Misunderstandings in Diagnosis
As part of the Ataxia Aware project we are sharing personal accounts of those suffering with Ataxia or other rare conditions. We want to provide a safe space for people to talk about their experience with disability, whether themselves or someone close to them.
We would like to thank Beryl Park, for sharing his inspirational story with us. If you'd like to know more about Beryl be sure to add her on Facebook.
Most of us are aware of how incredibly difficult it can be to get a diagnosis relating to a Neurological condition. It can also be incredibly difficult to get a diagnosis overturned.
Currently, I know I have a link with the mutant gene SYNE1, which in turn is linked to Recessive Episodic Ataxia. It’s worth mentioning here that some Episodic Ataxias are linked to Epilepsy.
Leading up to 1991 I started to experience Deja Vu episodes, although at the time I didn’t know exactly what these were, and my GP wasn’t really interested. Around the same time I experienced weird balance issues, particularly when bending, leaning my head back, and turning quickly.
All this came to a head when I had a seizure in my sleep, and I believe this was triggered by a severe shock I’d had the previous day. I woke up in hospital, my husband thought I’d had a stroke.
Tests failed to trigger a further seizure, but because of my history of Deja Vu, and taking into account the sleep seizure, I was formally diagnosed with Temporal Lobe Epilepsy in 1992, and obliged to take medication in order to continue driving.
As other weird symptoms including Eye problems crept in, I couldn’t believe they were simply all linked to Epilepsy. It’s been an uphill demoralising journey to get this diagnosis overturned, but ‘something’ was telling me not to give up.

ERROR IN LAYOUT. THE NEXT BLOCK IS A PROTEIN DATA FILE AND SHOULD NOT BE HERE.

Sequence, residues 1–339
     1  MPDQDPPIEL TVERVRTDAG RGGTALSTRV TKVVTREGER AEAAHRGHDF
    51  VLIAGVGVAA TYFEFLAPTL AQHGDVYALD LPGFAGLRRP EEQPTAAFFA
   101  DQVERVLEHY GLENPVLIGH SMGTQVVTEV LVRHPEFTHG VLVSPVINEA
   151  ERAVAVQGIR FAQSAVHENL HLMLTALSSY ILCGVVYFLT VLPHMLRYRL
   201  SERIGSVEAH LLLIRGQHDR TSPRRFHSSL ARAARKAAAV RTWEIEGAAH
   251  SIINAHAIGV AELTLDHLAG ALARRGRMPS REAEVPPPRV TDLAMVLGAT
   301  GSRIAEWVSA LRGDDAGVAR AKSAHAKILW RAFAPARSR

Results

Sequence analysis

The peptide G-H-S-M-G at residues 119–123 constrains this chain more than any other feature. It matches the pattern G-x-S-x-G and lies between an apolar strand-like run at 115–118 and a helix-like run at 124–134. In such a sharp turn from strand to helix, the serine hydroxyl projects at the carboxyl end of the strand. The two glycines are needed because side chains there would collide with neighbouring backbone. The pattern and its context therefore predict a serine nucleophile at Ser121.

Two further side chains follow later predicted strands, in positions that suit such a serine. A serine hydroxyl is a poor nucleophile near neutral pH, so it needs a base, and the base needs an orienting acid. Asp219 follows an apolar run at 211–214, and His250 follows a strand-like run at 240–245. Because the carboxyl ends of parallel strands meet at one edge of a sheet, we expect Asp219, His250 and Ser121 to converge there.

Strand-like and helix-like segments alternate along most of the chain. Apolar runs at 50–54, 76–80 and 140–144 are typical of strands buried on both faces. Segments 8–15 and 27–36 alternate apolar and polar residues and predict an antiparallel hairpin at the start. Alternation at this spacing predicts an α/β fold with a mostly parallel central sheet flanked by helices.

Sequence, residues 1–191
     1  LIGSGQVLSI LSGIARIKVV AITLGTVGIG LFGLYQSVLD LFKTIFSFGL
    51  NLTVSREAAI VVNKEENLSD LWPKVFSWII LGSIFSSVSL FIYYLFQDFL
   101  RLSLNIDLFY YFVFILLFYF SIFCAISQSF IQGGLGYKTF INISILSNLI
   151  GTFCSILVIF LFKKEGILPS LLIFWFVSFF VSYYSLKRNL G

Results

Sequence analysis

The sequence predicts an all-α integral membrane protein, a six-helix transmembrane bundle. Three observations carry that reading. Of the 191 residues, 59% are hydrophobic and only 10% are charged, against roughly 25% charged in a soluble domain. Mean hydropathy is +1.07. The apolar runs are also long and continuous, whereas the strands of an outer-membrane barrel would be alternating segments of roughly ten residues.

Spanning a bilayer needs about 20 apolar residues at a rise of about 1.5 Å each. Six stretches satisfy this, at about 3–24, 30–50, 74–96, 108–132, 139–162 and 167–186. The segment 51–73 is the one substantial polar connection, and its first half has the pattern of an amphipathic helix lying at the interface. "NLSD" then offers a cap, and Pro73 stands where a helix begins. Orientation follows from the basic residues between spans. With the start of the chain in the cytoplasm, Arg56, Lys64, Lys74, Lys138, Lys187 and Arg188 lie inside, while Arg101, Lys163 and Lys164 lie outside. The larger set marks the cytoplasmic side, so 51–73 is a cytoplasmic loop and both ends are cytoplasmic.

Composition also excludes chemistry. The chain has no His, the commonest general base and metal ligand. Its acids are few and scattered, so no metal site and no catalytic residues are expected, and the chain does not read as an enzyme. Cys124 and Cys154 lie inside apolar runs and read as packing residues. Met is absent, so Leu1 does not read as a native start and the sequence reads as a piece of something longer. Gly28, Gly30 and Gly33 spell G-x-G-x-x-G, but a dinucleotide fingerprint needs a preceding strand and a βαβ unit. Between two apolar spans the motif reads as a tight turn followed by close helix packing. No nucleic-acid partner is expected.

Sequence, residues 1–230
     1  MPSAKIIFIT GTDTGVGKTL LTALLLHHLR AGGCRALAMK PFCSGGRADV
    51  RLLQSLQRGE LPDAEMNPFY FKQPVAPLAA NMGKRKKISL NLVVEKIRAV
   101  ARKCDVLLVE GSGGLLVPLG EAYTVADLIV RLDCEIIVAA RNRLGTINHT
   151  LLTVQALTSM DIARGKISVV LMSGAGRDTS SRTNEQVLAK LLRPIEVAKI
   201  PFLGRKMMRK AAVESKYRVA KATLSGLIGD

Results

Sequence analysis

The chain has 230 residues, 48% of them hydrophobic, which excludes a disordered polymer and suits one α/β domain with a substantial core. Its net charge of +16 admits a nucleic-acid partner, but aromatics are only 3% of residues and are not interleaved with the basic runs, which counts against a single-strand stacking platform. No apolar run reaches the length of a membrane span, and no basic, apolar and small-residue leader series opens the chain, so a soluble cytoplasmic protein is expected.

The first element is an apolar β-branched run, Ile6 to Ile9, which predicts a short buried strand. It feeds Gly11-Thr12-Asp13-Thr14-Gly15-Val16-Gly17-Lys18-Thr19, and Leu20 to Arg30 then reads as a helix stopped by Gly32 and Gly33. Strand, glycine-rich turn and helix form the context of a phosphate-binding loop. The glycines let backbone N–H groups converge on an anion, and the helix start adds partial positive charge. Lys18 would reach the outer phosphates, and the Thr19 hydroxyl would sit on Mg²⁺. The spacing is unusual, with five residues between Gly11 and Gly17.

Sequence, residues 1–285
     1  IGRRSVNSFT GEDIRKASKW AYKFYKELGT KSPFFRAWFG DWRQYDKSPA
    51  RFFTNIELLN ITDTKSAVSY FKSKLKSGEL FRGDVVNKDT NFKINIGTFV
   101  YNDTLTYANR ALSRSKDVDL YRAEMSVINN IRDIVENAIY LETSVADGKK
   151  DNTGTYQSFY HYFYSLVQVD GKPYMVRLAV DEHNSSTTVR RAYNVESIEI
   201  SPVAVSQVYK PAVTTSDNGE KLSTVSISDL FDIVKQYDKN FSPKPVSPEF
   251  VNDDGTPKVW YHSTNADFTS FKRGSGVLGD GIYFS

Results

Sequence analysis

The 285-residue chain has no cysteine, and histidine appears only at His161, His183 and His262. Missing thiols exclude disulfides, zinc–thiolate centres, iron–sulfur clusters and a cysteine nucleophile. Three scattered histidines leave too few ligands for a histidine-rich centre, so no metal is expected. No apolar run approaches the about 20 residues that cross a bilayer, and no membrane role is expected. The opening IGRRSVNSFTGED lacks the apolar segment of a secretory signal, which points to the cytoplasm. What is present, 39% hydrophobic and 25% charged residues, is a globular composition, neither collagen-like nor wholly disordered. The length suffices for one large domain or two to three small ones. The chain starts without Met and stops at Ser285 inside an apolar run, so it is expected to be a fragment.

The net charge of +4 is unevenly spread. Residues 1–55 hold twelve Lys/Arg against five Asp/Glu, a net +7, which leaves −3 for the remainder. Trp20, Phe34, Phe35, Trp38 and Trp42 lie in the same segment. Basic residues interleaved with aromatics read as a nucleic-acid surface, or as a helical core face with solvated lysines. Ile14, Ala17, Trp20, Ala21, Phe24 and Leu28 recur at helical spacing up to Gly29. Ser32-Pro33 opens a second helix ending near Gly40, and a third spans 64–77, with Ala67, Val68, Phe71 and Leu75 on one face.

The symptoms I experienced just didn’t make sense..double vision, Nystagmus, severe brain fog, stress when multitasking, and I could be totally overwhelmed by fatigue. My GP failed to associate these with anything other than Epilepsy, and I’d been discharged from the hospital Neurologist.
I saw an ENT Specialist privately, he dismissed me as being ‘hysterical’ when he had to abort tests, although he still still sent a bill. But the NHS eventually tested, and confirmed I suffered from BPPV (Benign Paroxysmal Posterior Vertigo).
The real turning point came when I started to experience unexplained falls, and my GP was forced to take some action. After a Tilt Table Test I couldn’t stand unaided, and fell about laughing, feeling really euphoric but obviously I wasn’t drunk. And an MRI showed some Cerebellar Atrophy.
My Eye problems started some time after I started Epilepsy medication, although at the time my concerns were dismissed by the Neurologist. But I went on to have a serious Eye condition, which left me with double vision, and I was also noticing Nystagmus. This led to years of treatment, but fortunately I was eventually referred to a brilliant Consultant Opthalmologist who finally banished the double vision with Strabismus Surgery. Although Nystagmus can still creep in if I glance quickly in a certain direction.
🙂 I count myself extremely lucky to have arrived where I am now. Ataxia symptoms are with me 24/7, they can be worsened by ‘triggers’ but experience has taught me how to deal with this, and currently I don’t take any medication. And, I’m still engaged in pursuing a definite diagnosis 🙂
On behalf of Ataxia and Me, I would like to thank Beryl for sharing her story of searching for the right diagnosis. Not only is her story inspiring but can be very common amongst the Ataxia community, as symptoms can often be misdiagnosed. Due to this, it is important to stay #AtaxiaAware.
If you would also like to get involved and share your experience with Ataxia or other rare condition, please get into contact with us through our social media linked below:
> Beth Soden - Media Coordinator for Ataxia and Me